Underwater Meditation

No need to worry – this post is not about to walk you through the ABCs of free diving. Instead, I would like to share a meditation that we usually practice before training commences. It is effective in calming the mind and, as the face is fully submerged during the exercise, helps in reacquainting you with the water. There are no breath holds involved, so it is safe and easy to practice on your own. The end-result is a moment of relaxation and mindfulness in a state of weightlessness, and I cannot recommend it enough.


Here’s what you will need to get started:

Access to a pool – Early morning is best so that you can have it to yourself.

A snorkel – You will be using this to breathe while fully submerged. No need for the mask, though. You want your entire face to be in contact with the water.

A nose clip – If you are not comfortable with water filling your nostrils, go ahead and use a nose clip.

Rash guard – You will be in the water for a while, so it’s a good idea to wear a rash guard or wet suit to avoid getting distracted by the cold as you go along.


In the pool, find a spot where your feet can still comfortably find the bottom and stay close to the edge. Wear the snorkel, nose clip and start with a few cycles of breathing on the surface to get accustomed with breathing through your mouth. For this practice, you want to have a fairly short inhalation, a slight pause, and an exhalation that is twice or thrice as long as the inhalation. To start, I recommend going ahead with 4 counts on the inhalations and 8 on the exhalations, but feel free to expand that to 4:12 if that feels good for you.

Once you get comfortable, it’s time to close your eyes and immerse your face in the water. I find that it helps to find some grounding before letting go completely, so go ahead and place both of your palms on the edge of the pool first. With this point of contact in place, try to relax the rest of your body by allowing the feet to float away from the bottom of the pool. You will find that the rest of the body naturally finds buoyancy near the surface. Keep breathing and enjoy how every inhale pushes your body upwards, perhaps so much so that you feel the morning sun shining against your back, while every exhale sees you sinking slightly.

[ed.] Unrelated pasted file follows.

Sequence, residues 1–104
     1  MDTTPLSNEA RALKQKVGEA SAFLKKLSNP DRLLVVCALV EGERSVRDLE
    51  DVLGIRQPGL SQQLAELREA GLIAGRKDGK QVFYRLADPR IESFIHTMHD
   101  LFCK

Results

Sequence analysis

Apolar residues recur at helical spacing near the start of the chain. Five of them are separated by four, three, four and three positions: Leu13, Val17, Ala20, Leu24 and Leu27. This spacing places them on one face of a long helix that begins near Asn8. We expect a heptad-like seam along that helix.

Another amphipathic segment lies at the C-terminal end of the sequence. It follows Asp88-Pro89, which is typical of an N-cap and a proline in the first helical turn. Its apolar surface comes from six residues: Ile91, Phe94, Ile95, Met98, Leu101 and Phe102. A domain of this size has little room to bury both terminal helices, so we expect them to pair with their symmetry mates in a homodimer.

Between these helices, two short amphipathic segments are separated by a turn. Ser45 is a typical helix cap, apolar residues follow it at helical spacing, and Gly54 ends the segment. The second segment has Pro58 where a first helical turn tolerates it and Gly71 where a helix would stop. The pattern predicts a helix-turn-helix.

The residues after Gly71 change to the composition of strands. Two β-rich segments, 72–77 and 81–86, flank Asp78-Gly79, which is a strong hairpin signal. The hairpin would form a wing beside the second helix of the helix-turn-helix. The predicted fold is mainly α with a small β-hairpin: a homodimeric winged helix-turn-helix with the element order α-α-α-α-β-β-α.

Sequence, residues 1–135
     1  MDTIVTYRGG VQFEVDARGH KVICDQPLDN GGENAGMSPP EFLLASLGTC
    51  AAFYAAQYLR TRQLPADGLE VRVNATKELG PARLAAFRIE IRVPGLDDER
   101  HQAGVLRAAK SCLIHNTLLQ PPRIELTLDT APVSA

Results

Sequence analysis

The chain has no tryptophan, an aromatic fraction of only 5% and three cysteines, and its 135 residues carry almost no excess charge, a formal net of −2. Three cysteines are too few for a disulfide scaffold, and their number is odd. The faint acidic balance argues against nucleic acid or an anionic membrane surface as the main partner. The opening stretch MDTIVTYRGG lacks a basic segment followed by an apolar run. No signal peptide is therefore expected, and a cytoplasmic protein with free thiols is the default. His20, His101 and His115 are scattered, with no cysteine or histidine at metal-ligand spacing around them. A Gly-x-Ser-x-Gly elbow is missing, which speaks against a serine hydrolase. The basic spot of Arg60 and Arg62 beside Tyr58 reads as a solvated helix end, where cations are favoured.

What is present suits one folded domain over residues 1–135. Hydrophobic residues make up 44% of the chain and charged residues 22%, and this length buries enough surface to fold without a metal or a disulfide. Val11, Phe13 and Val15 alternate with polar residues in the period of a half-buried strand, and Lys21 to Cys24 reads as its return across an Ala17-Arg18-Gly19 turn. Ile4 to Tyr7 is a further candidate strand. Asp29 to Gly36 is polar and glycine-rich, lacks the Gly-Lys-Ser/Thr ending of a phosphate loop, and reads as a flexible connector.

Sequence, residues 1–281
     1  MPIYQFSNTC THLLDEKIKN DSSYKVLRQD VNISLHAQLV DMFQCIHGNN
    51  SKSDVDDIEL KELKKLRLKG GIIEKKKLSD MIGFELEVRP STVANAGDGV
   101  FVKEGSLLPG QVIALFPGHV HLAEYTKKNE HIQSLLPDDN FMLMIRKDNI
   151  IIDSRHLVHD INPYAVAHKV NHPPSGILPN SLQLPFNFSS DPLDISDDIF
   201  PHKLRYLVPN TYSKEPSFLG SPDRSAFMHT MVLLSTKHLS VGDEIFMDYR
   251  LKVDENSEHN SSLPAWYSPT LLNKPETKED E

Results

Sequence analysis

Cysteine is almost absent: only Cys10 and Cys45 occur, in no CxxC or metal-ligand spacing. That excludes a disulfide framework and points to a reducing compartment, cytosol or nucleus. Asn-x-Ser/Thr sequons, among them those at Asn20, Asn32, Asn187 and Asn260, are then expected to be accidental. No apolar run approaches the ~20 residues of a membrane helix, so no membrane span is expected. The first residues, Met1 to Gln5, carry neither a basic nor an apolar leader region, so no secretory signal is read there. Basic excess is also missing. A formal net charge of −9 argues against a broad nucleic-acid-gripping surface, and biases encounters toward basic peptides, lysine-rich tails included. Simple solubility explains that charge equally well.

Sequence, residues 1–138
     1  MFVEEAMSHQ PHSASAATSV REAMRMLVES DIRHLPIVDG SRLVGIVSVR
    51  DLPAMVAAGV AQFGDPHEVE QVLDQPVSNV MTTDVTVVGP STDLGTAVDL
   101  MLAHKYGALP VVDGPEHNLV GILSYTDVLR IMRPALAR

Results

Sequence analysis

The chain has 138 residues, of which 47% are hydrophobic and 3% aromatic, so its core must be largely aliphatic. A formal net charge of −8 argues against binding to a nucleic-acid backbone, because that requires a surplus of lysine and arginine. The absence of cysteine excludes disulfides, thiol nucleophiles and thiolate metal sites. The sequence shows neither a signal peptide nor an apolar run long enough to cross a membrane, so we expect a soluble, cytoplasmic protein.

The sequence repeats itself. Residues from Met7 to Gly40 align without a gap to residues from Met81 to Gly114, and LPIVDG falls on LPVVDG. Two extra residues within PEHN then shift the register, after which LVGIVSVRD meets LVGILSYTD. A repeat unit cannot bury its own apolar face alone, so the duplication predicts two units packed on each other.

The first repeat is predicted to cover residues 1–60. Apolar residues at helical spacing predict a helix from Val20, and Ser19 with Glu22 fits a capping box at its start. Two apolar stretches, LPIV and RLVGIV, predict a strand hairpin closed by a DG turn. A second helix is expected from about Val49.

If you are ready to go for the full experience, let go of the edge of the pool and let your arms hang by your side, completely relaxed and without any tension. Every inhalation fills your lungs and brings lightness, while every exhalation empties them and provides grounding. There is something deeply therapeutic about being able to experience each breath so intimately and vividly through the use of your own body. Continue with this practice for a total of 20 minutes, and you will be starting your day on a wonderfully positive note. 


With metta,

Ailin (200h YTT April – June 2017)

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